How Do We Support Survivors in a Sea of Triggers?

CN: Sexual harassment, sexual assault, abuse.

Like many of my friends I am glad that many serial abusers and harassers, in a range of powerful positions, are being named and actually facing real consequences these days. I want those who perpetrate these crimes to suffer consequences for their action, and I am grateful to have seen an increase in support for their accusers.

However, this atmosphere of constant discussion of abuse in media, social conversations, and online comes at a cost for many of us. Especially for survivors of exactly the kinds of crimes that are being talked about on a daily basis the incessant stream of accusations, discussions, and media attention can be draining and deeply painful.

I am a multiple experience sexual assault survivor. On a day to day basis an occasional news story about sexual assault, or a discussion about harassment on a friend’s Facebook wall is a fairly manageable experience for me. Mostly I want to be supportive of other survivors and can often wait to read such things until I am in a good frame of mind (Content/trigger warnings really help this). I have occasionally been pretty seriously triggered by media but that’s not a common experience for me.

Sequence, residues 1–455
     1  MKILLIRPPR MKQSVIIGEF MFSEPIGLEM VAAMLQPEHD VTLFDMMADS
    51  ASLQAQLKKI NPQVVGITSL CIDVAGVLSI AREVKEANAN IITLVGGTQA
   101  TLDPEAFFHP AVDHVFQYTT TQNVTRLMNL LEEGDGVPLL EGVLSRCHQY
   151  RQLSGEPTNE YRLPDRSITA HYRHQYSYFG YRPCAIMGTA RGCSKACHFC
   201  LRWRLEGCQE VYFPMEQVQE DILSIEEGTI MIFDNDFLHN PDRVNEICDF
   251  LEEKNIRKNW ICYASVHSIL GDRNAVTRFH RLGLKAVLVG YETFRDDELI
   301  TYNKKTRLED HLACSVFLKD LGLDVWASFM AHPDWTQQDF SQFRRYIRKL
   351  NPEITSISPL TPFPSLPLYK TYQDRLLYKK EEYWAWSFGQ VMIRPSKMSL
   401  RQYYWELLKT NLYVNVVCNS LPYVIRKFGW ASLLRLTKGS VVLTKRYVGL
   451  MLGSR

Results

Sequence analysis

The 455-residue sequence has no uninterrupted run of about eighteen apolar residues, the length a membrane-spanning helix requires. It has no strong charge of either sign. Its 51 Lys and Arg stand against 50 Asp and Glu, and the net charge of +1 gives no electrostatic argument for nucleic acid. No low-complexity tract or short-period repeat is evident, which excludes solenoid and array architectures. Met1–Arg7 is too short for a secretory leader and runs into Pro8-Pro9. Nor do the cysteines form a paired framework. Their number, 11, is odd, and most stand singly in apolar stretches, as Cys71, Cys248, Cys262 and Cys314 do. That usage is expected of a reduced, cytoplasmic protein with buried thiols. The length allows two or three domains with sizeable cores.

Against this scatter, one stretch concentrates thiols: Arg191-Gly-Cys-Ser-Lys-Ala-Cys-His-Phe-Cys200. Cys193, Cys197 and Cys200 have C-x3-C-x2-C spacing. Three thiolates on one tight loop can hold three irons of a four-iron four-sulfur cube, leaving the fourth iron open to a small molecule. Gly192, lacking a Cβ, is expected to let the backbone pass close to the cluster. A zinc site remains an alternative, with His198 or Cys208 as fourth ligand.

But that is my experience in the old world, the one in which weeks or months would go by between reports that various powerful men were being accused. I got a chance to heal a little between major news (or personal) stories about harassment and assault. Once I got more involved in social justice and feminist movements I definitely became a bit more raw – I heard more about people’s experiences, so I struggled a bit more with them. Until recently this was manageable.

Frankly, lately it isn’t.

I’ve been struggling with depression and fear that is deepened daily by report after report of harassment and assault. Every time I pull up my Facebook page, my Twitter feed, my podcasts, any radio, or glimpse the TV in the lobby at school I am faced with experiences that remind me of my own. There were no trigger warnings on the conversation around the table at Thanksgiving dinner, nor any way to catch up on other news without also getting a flood of these stories.

Throughout all of this I have still had to go to work and go to school, fulfill my household obligations, and otherwise act as if everything is fine. It’s not fine, I’m not fine, and things are slipping. I am certain I am not the only one struggling like this. This moment is painful for many survivors.